Tumor Lysis Syndrome
• Cases of Tumor Lysis Syndrome (TLS), including fatal outcomes, have occurred. Patients with a high tumor burden should be considered at greater risk for TLS. Adequate hydration is required prior to each dose in Cycle 1, and in subsequent cycles as needed. Consider uric acid lowering drugs in patients at risk for TLS. Monitor for evidence of TLS during treatment and manage promptly, and withhold until resolved.
• Acute Respiratory Distress Syndrome (ARDS), acute respiratory failure, and acute diffuse infiltrative pulmonary disease such as pneumonitis and interstitial lung disease have occurred. Some events have been fatal. In the event of drug‐induced pulmonary toxicity, discontinue KYPROLIS.
• Pulmonary arterial hypertension (PAH) was reported. Evaluate with cardiac imaging and/or other tests as indicated. Withhold KYPROLIS for PAH until resolved or returned to baseline and consider whether to restart based on a benefit/risk assessment.
• Dyspnea was reported in patients treated with KYPROLIS. Evaluate dyspnea to exclude cardiopulmonary conditions including cardiac failure and pulmonary syndromes. Stop KYPROLIS for Grade 3 or 4 dyspnea until resolved or returned to baseline. Consider whether to restart based on a benefit/risk assessment.
• Hypertension, including hypertensive crisis and hypertensive emergency, has been observed, some fatal. Control hypertension prior to starting KYPROLIS. Monitor blood pressure regularly in all patients. If hypertension cannot be adequately controlled, withhold KYPROLIS and evaluate. Consider whether to restart based on a benefit/risk assessment.
• Venous thromboembolic events (including deep venous thrombosis and pulmonary embolism) have been observed. Thromboprophylaxis is recommended for patients being treated with the combination of KYPROLIS with dexamethasone or with lenalidomide plus dexamethasone. The thromboprophylaxis regimen should be based on an assessment of the patient’s underlying risks.
• Patients using hormonal contraception associated with a risk of thrombosis should consider an alternative method of effective contraception during treatment.
• Infusion reactions, including life‐threatening reactions, have occurred. Symptoms include fever, chills, arthralgia, myalgia, facial flushing, facial edema, vomiting, weakness, shortness of breath, hypotension, syncope, chest tightness, or angina. These reactions can occur immediately following or up to 24 hours after administration. Premedicate with dexamethasone to reduce the incidence and severity of infusion reactions. Inform patients of the risk and of symptoms and seek immediate medical attention if they occur.
• Fatal or serious cases of hemorrhage have been reported. Hemorrhagic events have included gastrointestinal, pulmonary, and intracranial hemorrhage and epistaxis. Promptly evaluate signs and symptoms of blood loss. Reduce or withhold dose as appropriate.
• KYPROLIS causes thrombocytopenia with recovery to baseline platelet count usually by the start of the next cycle. Monitor platelet counts frequently during treatment. Reduce or withhold dose as appropriate.
Hepatic Toxicity and Hepatic Failure
• Cases of hepatic failure, including fatal cases, have occurred. KYPROLIS can cause increased serum transaminases. Monitor liver enzymes regularly regardless of baseline values. Reduce or withhold dose as appropriate.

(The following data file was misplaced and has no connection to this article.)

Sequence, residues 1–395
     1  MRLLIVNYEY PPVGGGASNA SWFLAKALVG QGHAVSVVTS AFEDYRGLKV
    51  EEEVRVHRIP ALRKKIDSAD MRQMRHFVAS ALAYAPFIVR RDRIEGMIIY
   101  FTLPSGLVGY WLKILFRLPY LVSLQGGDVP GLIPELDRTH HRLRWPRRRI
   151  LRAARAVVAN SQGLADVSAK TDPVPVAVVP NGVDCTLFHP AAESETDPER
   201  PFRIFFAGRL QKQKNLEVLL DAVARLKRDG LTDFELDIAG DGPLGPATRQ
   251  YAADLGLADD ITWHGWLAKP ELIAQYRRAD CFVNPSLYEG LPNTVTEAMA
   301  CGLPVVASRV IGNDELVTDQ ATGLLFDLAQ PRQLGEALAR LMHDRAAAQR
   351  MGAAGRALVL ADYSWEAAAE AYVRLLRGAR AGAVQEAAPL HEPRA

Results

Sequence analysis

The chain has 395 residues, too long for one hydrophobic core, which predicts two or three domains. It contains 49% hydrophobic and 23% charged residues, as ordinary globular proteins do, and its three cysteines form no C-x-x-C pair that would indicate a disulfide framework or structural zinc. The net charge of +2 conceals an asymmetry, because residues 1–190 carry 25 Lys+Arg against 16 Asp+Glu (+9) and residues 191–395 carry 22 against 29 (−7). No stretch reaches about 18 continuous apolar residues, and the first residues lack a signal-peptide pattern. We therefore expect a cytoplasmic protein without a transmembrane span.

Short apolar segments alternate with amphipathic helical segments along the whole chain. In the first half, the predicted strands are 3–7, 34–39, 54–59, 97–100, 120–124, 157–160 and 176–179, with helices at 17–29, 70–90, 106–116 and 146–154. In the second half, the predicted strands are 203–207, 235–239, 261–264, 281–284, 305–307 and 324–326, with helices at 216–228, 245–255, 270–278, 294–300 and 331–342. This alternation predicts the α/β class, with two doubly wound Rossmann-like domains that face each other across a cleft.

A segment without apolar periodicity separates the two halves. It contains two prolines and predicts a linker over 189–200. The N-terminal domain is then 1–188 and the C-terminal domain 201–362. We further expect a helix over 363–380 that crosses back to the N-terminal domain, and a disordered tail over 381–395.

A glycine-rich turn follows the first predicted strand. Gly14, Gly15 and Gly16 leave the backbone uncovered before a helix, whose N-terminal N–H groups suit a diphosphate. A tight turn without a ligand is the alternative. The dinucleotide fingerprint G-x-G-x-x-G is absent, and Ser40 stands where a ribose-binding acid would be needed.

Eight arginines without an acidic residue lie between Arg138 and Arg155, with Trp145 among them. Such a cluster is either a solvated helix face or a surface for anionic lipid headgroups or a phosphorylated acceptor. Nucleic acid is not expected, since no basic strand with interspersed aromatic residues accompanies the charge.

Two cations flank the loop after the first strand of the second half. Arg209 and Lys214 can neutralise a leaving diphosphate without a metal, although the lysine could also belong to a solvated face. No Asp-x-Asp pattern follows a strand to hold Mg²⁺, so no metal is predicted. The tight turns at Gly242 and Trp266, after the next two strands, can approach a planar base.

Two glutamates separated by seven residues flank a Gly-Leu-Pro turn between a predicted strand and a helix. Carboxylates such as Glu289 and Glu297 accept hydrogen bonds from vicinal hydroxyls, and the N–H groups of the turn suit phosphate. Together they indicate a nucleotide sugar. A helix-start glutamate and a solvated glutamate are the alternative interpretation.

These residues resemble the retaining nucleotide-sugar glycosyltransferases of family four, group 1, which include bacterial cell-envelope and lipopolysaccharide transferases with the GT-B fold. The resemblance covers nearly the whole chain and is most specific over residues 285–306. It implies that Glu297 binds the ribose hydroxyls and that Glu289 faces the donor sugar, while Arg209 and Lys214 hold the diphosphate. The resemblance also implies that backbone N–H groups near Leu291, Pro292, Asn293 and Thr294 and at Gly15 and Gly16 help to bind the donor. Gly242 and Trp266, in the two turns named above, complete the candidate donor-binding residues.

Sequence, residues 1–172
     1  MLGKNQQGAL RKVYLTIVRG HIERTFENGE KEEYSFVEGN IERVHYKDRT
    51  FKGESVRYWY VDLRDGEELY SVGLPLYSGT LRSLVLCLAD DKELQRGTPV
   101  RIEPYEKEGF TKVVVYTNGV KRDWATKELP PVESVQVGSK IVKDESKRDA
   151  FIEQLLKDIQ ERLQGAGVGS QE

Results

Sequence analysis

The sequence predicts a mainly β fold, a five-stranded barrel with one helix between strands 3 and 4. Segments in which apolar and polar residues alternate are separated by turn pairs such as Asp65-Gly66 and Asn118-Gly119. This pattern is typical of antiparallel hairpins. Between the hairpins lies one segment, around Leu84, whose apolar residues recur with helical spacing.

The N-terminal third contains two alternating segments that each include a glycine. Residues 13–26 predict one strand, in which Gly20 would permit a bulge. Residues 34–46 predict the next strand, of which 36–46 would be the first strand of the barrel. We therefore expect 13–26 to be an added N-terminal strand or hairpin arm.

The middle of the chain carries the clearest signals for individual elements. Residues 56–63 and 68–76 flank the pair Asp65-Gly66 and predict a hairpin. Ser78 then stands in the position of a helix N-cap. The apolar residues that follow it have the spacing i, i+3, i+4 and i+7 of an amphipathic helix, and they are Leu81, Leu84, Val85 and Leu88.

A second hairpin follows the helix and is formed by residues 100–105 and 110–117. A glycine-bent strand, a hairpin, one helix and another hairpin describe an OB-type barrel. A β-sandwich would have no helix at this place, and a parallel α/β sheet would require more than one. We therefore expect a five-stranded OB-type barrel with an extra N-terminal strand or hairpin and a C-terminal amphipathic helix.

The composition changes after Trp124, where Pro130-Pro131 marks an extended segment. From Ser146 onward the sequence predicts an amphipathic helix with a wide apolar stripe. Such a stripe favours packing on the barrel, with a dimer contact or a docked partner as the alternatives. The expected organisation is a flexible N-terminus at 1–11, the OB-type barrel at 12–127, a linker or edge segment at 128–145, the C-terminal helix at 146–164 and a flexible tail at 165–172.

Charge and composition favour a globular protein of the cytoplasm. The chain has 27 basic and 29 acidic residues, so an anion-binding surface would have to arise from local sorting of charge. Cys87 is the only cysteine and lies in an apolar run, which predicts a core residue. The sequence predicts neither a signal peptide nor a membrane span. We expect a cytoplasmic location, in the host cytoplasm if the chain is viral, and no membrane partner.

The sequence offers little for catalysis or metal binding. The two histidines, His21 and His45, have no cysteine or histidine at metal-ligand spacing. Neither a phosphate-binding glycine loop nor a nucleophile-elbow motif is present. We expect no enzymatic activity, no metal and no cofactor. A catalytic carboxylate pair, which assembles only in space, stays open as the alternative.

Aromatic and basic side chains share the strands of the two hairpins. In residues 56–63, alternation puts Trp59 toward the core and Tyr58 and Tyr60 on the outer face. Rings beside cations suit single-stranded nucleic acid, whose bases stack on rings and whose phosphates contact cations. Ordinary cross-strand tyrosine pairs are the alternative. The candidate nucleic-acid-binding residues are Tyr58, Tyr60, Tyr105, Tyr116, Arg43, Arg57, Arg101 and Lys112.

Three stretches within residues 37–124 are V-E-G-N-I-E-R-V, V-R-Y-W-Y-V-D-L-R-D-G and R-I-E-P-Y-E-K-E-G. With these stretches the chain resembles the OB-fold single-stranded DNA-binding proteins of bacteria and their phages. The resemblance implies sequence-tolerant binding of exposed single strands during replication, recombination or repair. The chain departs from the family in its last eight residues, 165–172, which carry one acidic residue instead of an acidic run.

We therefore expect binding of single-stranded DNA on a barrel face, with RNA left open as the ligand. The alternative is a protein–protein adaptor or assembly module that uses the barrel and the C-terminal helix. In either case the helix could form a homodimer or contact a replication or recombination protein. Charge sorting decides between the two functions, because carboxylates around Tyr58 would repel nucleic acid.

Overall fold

• Cases of thrombotic microangiopathy, including thrombotic thrombocytopenic purpura/hemolytic uremic syndrome (TTP/HUS), including fatal outcome have occurred. Monitor for signs and symptoms of TTP/HUS. Discontinue if diagnosis is suspected. If the diagnosis of TTP/HUS is excluded, KYPROLIS may be restarted. The safety of reinitiating KYPROLIS is not known.
Posterior Reversible Encephalopathy Syndrome (PRES)
• Cases of PRES have occurred in patients receiving KYPROLIS. If PRES is suspected, discontinue and evaluate with appropriate imaging. The safety of reinitiating KYPROLIS is not known.
Increased Fatal and Serious Toxicities in Combination with Melphalan and Prednisone in Newly Diagnosed Transplant-ineligible Patients
• In a clinical trial of transplant-ineligible patients with newly diagnosed multiple myeloma comparing KYPROLIS, melphalan, and prednisone (KMP) vs bortezomib, melphalan, and prednisone (VMP), a higher incidence of serious and fatal adverse events was observed in patients in the KMP arm. KMP is not indicated for transplant-ineligible patients with newly diagnosed multiple myeloma.
• KYPROLIS can cause fetal harm when administered to a pregnant woman.
• Females of reproductive potential should be advised to avoid becoming pregnant while being treated with KYPROLIS and for 6 months following the final dose. Males of reproductive potential should be advised to avoid fathering a child while being treated with KYPROLIS and for 3 months following the final dose. If this drug is used during pregnancy, or if pregnancy occurs while taking this drug, the patient should be apprised of the potential hazard to the fetus.
• The most common adverse reactions in the combination therapy trials: anemia, neutropenia, diarrhea, dyspnea, fatigue, thrombocytopenia, pyrexia, insomnia, muscle spasm, cough, upper respiratory tract infection, hypokalemia.
* Kd once-weekly vs twice-weekly study design: Phase 3, randomized, multicenter, open-label study (N = 478) in patients with relapsed and refractory multiple myeloma who had received 2 to 3 lines of therapy, KYPROLIS®+dexamethasone 70 mg/m2 once weekly (n = 240) versus KYPROLIS®+dexamethasone 27 mg/m2 twice weekly (n = 238). The primary endpoint was PFS. Secondary endpoints included ORR and safety.
- National Cancer Institute. Myeloma Cancer Stat Facts. Available at: https://seer.cancer.gov/statfacts/html/mulmy.html. Accessed November 26, 2018.
- American Cancer Society. Survival Rates by Stage for Multiple Myeloma. Available at: https://www.cancer.org/cancer/multiple-myeloma/detection-diagnosis-staging/survival-rates.html. Accessed November 26, 2018.
- Kurtin SE. Relapsed or relapsed/refractory multiple myeloma. J Adv Pract Oncol. 2013;4(suppl 1):5-14.
- KYPROLIS® (carfilzomib) prescribing information, Onyx Pharmaceuticals Inc., an Amgen Inc. subsidiary.
- Moreau P, Mateos M-V, Berenson JR, et al. Once weekly versus twice weekly carfilzomib dosing in patients with relapsed and refractory multiple myeloma (A.R.R.O.W.): interim analysis results of a randomised, phase 3 study. Lancet Oncol. 2018;19:953-964.